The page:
For such systems it might sometimes be better to use HWiNFO for DOS.

Reply 626 of 650, by leonardo

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Mumak wrote on 2022-10-21, 06:37:

I'm sorry but currently HWiNFO32 requires at least OSR2. To make it work with the original Win95 install would require extensive changes as you have already seen.
For such systems it might sometimes be better to use HWiNFO for DOS.

Can you go into any detail on what OSR2 adds that is relevant to HWiNFO that is lacking in older versions of Win 95? Just for curiosity's sake.

edit:
I know that Microsoft very intentionally made their new user interface libraries on Windows 98 interdependent on Internet Explorer. When devs adopted Microsoft's new tools, it resulted in a bunch of really bloated apps that would require one to have Internet Explorer installed - even if the application had no internet functionality or any browser-features built-in.

Basically the divide was "apps that would run on Windows 95 and 98, regardless of IE" vs. "apps that ran on Windows 95 and 98 as long as IE v.xx was installed" vs. "apps that won't run on Win95, even with IE". Have not run into many apps that wouldn't run on all tiers of Windows 95 if it didn't have something to do with this dichotomy.

[Install Win95 like you were born in 1985!] on systems like this or this.

Reply 627 of 650, by Am386DX-40

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I'm trying to catalog all my ram sticks and I'm seeing different values on fields like Serial Number and Date between CPU-Z and HWInfo32. Which one should I trust? Why are they showing different values?

Here's an example of 2 Kingston dimms (DDR 400).

Here's Dimm 1 with CPU-Z

dimm1.png
Filename
dimm1.png
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15.98 KiB
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352 views
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CC-BY-4.0

Same Dimm with HWInfo32

dimm1b.png
Filename
dimm1b.png
File size
65.56 KiB
Views
352 views
File license
CC-BY-4.0

Dimm 2 with CPU-Z

dimm2.png
Filename
dimm2.png
File size
16.08 KiB
Views
352 views
File license
CC-BY-4.0

Dimm 2 with HWInfo32

dimm2b.png
Filename
dimm2b.png
File size
65.08 KiB
Views
352 views
File license
CC-BY-4.0

Reply 628 of 650, by Mumak

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Am386DX-40 wrote on 2022-11-30, 18:30:
I'm trying to catalog all my ram sticks and I'm seeing different values on fields like Serial Number and Date between CPU-Z and […]
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I'm trying to catalog all my ram sticks and I'm seeing different values on fields like Serial Number and Date between CPU-Z and HWInfo32. Which one should I trust? Why are they showing different values?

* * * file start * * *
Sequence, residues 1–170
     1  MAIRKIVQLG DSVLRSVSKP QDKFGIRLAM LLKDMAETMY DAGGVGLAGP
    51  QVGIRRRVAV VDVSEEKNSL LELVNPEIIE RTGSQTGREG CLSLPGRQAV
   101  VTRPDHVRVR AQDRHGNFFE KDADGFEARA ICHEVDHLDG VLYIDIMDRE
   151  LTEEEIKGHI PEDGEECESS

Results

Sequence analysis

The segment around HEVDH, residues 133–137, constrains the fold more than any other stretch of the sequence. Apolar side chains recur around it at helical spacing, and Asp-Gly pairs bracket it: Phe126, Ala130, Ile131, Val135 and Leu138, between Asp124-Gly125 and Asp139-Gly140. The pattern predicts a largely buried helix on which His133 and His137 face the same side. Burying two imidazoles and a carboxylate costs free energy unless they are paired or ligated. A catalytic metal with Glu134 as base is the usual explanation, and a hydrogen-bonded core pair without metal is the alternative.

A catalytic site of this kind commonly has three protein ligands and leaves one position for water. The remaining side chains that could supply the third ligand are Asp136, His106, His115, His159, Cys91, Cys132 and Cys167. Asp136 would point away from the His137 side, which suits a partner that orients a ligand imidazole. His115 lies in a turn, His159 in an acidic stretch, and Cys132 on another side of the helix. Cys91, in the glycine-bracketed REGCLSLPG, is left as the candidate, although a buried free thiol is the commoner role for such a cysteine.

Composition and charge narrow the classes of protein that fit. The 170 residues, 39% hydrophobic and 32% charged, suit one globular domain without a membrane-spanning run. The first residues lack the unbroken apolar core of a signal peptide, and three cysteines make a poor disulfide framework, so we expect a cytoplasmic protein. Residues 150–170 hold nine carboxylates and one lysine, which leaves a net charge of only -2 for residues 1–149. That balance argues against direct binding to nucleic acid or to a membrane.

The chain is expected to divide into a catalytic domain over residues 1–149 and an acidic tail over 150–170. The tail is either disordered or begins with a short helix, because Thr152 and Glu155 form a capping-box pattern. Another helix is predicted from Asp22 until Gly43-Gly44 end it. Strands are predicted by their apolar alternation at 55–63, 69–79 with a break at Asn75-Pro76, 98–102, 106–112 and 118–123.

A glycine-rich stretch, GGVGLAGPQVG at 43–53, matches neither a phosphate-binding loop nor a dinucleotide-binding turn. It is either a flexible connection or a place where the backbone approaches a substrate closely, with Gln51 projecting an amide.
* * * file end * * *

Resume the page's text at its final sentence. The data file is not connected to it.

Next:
Here's an example of 2 Kingston dimms (DDR 400).

Here's Dimm 1 with CPU-Z dimm1.png

Same Dimm with HWInfo32 dimm1b.png

Dimm 2 with CPU-Z dimm2.png

Dimm 2 with HWInfo32 dimm2b.png

Encoding of serial numbers is not standardized so vendors are free to use their own encoding and tools don't know how to interpret the data.
Both tools show the same values, but CPU-Z displays it in Hex (big-endian) while HWiNFO in Decimal (little-endian) format.

Reply 629 of 650, by Am386DX-40

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Mumak wrote on 2022-11-30, 18:37:

Encoding of serial numbers is not standardized so vendors are free to use their own encoding and tools don't know how to interpret the data.
Both tools show the same values, but CPU-Z displays it in Hex (big-endian) while HWiNFO in Decimal (little-endian) format.

Ahhh interesting! What about the manufacture date? The year matches, but the week does not. Is it the same cause?

Reply 631 of 650, by Am386DX-40

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Ok I see, but I think it's the other way around. HWInfo shows the date (week) in HEX and CPU-Z in decimal. I even have one dimm that HWInfo shows the week value 1a. If you make the conversion, they match.

But the serial number is a different case, I make the conversion (in both directions) and the values don't match at all. I'm probably doing something wrong.

Reply 632 of 650, by Mumak

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We try to guess the date encoding because manufacturers use many different formats, however this doesn't work always properly.
Try to convert the number in HWiNFO from Dec to Hex and you'll see it 😉

Reply 633 of 650, by Nexxen

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Mumak wrote on 2022-11-30, 18:58:

Yes

We had a little business involving data from a Gxm processor. The FSB would go up and down (12 to 33) but never still at 33mhz.

I was wondering, a real time reading of the FSB could be wrong because some oscillator is malfunctioning? I don't know how clock is generated.
They were budget motherboards, maybe bad cheap components going bad?

The question is in general for reading the FSB.

PC#1 Pentium 233 MMX - 98SE
PC#2 PIII-1Ghz - 98SE/W2K

Reply 634 of 650, by Mumak

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Nexxen wrote on 2022-11-30, 19:20:
We had a little business involving data from a Gxm processor. The FSB would go up and down (12 to 33) but never still at 33mhz. […]